There were 813 households out of which 36.2% had children under the age of 18 living with them, 55.0% were married couples living together, 11.8% had a female householder with no husband present, and 30.9% were non-families. 25.1% of all households were made up of individuals and 8.6% had someone living alone who was 65 years of age or older. The average household size was 2.50 and the average family size was 3.01.
In the borough the population was spread out with 26.1% under the age of 18, 4.7% from 18 to 24, 30.7% from 25 to 44, 27.9% from 45 to 64, and 10.6% who were 65 years of age or older. The median age was 40 years. For every 100 females, there were 94.0 males. For every 100 females age 18 and over, there were 89.3 males.
The median income for a household in the borough was $77,270, and the median income for a family was $91,205. Males had a median income of $52,656 versus $47,315 for females. The per capita income for the borough was $38,413. None of the families and 2.1% of the population were living below the poverty line, including no under eighteens and 5.2% of those over 64.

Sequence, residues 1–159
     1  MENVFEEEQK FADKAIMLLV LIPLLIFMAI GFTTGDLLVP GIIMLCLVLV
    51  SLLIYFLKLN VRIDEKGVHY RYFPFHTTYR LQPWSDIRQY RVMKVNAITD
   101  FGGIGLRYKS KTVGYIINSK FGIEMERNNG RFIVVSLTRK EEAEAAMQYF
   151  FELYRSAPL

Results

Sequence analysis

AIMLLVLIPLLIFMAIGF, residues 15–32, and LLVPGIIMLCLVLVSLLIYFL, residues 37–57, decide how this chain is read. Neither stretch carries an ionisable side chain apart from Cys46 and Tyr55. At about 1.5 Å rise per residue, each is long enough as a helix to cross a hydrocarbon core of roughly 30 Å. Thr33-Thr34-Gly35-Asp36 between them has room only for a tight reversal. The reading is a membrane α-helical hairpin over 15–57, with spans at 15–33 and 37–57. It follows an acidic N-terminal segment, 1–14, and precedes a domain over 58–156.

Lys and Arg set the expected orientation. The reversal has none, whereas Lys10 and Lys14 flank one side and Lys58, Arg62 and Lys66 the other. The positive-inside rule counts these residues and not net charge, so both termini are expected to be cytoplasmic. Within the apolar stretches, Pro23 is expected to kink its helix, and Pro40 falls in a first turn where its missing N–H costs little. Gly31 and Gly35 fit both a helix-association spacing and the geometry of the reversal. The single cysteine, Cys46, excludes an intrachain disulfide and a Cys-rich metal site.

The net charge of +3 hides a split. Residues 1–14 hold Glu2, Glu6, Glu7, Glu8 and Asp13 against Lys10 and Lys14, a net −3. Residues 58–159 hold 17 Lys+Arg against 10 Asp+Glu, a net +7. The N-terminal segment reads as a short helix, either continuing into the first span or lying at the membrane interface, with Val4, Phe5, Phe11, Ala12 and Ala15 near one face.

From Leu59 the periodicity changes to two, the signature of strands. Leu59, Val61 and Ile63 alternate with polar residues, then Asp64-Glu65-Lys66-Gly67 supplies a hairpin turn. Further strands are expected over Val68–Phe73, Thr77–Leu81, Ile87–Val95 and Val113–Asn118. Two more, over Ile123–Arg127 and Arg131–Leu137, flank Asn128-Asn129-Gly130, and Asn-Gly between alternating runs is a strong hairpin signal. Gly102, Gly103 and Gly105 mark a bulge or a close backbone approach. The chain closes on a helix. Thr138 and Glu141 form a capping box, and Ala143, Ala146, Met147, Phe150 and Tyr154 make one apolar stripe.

Hopewell is governed under the Borough form of New Jersey municipal government, which is used in 218 municipalities statewide, making it the most common form of government in New Jersey. The governing body consists of a Mayor and a Borough Council comprising six council members, with all positions elected at-large on a partisan basis as part of the November general election. A Mayor is elected directly by the voters to a four-year term of office. The Borough Council consists of six members elected to serve three-year terms on a staggered basis, with two seats coming up for election each year in a three-year cycle. The Borough form of government used by Hopewell, the most common system used in the state, is a "weak mayor / strong council" government in which council members act as the legislative body with the mayor presiding at meetings and voting only in the event of a tie. The mayor can veto ordinances subject to an override by a two-thirds majority vote of the council. The mayor makes committee and liaison assignments for council members, and most appointments are made by the mayor with the advice and consent of the council. All legislative powers of the Borough of Hopewell are exercised by the Borough Council in the form of a resolution, ordinance or proclamation.